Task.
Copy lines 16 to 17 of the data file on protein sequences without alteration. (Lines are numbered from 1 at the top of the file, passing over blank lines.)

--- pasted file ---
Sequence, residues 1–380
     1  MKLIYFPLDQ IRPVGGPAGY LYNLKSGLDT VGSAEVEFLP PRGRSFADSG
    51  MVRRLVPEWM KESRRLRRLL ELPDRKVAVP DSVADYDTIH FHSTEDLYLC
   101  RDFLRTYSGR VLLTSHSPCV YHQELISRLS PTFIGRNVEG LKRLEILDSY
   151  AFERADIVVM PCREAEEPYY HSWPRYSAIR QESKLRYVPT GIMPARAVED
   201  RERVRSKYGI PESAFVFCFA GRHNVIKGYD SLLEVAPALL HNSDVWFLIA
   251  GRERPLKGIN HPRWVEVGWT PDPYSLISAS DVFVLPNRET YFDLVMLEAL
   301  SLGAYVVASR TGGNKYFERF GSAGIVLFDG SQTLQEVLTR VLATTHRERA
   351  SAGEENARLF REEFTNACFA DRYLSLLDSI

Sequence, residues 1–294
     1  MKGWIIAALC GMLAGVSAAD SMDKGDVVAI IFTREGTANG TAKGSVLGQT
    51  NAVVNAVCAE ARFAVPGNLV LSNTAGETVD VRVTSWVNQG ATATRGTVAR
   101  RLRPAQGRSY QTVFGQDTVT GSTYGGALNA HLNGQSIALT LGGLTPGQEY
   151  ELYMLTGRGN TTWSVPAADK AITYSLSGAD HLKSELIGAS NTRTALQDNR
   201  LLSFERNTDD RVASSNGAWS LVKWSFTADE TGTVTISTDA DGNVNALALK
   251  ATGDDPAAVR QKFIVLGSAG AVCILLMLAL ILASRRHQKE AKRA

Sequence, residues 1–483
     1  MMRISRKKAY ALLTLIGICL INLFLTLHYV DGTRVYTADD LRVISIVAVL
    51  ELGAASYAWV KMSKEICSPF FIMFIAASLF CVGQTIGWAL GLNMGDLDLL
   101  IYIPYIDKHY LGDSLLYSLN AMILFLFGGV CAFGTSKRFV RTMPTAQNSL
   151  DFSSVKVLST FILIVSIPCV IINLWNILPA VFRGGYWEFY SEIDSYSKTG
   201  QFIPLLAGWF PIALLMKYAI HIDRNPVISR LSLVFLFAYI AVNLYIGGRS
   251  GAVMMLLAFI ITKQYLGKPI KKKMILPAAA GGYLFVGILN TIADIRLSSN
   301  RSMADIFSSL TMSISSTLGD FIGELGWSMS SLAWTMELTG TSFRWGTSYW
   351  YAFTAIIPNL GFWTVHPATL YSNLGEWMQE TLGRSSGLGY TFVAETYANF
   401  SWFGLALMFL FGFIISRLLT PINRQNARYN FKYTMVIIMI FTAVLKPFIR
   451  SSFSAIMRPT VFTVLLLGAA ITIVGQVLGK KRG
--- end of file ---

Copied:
   251  ATGDDPAAVR QKFIVLGSAG AVCILLMLAL ILASRRHQKE AKRA

Sequence, residues 1–483